Istituto di Geoscienze e Georisorse     
Tiepolo M., Bouman C., Vannucci R., Schwieters J. Laser ablation multicollector ICPMS determination of δ11B in geological samples. In: Applied Geochemistry, vol. 21 (5) pp. 788 - 801. Elsevier, 2006.
A method for the in situ single spot δ11B characterisation of geological materials with laser ablation multicollector ICP mass spectrometry (LA-MC-ICPMS) has been developed. The mass spectrometer was equipped with both Faradays and multiple ion counters. Four samples with different B contents (12-31,400 ppm) and isotopic compositions (δ11B are between −8.71 and +13.6) were analysed. Samples include the B4 tourmaline and 3 MPI-DING glasses (StHs6/80-G, GOR132-G and GOR128-G). All sources of B isotopic fractionation during the analysis (mass bias, laser-induced isotopic fractionation and detector efficiency drift) have been evaluated and quantified. Instrumental mass bias is the major source of fractionation, altering the original isotopic ratio up to 13%. Fractionation related to laser sampling and transport to the ICP was found to be very low (less than 0.0015% s−1). Fractionation effects due to drift in ion counter efficiencies were found to be significant. Nevertheless, the "standard-sample-standard" bracketing approach could be used to correct for the above fractionation effects using NIST SRM 610 as external standard. With spot sizes of 60-80 μm in diameter, geologically meaningful results can be achieved on samples containing at least 10 ppm B, i.e., results with precisions that can discriminate between the different reservoirs on Earth. Data obtained with Faraday detectors on NIST SRM 610 and B4 tourmaline show high precision (down to 0.04, 1σ) and accuracy. Boron isotope ratios measured in the glass samples using multiple ion counting show significantly higher standard deviations (up to 2.5, 1σ), but they are very close to the values that can be expected from counting statistics. No significant variations with spot size or B contents were observed. Most of the values are within 1σ level of the reference values. The developed method was applied to a series of ashes from Mt. Etna erupted in 1995 having B contents between 14 and 20 ppm. The B isotope compositions of the ashes are between −4.8 and −10.7, with a weighted average value of −8.0 1.9 (1σ).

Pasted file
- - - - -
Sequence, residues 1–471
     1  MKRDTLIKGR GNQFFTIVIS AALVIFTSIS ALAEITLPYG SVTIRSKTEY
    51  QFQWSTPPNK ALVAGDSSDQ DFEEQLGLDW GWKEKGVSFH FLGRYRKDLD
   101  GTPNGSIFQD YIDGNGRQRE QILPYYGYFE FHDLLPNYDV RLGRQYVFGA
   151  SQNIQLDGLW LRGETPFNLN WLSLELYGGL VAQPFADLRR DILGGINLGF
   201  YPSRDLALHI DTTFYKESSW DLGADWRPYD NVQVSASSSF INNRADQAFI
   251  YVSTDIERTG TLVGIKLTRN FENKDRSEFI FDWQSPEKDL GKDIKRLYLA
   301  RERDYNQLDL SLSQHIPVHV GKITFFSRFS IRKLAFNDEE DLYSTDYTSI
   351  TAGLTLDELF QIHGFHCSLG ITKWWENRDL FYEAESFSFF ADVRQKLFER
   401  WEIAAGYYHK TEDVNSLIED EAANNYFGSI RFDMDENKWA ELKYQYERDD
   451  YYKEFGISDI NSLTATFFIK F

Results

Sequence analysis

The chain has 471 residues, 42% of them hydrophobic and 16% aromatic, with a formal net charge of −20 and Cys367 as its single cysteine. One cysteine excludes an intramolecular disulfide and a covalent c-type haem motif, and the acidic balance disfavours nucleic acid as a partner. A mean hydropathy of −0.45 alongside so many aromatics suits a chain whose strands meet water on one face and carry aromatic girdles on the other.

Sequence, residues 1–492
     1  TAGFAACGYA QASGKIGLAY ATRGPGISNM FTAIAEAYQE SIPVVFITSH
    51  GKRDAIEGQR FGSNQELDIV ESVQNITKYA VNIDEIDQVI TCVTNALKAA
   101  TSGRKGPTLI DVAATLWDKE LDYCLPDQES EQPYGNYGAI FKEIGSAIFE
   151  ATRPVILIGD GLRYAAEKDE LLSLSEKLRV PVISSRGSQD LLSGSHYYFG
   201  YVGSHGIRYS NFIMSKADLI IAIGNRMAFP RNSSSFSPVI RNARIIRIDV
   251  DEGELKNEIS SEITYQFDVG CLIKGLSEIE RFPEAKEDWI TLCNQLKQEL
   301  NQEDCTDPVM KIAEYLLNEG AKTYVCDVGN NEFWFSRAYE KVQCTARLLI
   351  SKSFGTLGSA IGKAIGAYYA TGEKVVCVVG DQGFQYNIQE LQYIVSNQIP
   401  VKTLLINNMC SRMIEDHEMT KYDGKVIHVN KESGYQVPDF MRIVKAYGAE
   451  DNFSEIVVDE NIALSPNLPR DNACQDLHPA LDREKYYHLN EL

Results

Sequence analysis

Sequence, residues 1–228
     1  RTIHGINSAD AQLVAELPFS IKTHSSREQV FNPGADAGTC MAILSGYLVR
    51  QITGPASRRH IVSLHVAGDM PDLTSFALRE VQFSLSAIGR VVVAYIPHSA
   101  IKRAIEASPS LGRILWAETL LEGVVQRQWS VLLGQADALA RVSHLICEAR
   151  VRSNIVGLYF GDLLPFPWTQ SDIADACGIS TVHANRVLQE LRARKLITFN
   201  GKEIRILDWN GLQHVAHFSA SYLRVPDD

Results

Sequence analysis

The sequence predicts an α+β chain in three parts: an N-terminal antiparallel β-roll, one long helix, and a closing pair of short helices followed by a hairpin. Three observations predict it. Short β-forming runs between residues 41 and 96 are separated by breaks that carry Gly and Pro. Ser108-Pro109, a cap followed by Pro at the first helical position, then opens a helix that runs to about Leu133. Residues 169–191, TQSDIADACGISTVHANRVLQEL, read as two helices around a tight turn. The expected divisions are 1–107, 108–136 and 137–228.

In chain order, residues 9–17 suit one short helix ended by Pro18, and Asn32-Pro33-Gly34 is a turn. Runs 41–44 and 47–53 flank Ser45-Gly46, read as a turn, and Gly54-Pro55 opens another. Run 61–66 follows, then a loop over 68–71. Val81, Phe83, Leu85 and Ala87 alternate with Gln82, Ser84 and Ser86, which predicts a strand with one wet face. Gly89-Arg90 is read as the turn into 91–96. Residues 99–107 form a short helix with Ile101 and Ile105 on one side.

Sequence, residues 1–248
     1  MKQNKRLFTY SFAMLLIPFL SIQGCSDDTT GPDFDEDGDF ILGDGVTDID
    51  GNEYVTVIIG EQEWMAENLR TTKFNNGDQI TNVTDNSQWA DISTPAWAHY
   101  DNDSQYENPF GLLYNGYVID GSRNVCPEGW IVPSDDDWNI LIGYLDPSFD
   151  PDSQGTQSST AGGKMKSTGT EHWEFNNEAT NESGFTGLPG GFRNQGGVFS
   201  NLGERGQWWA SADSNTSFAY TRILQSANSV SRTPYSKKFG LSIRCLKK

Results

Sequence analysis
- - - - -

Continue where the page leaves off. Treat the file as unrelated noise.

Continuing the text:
URL: http://https://www.journals.elsevier.com/applied-geochemistry/
Subject boron isotopes
in situ determination
rock sampling
isotope fractionation

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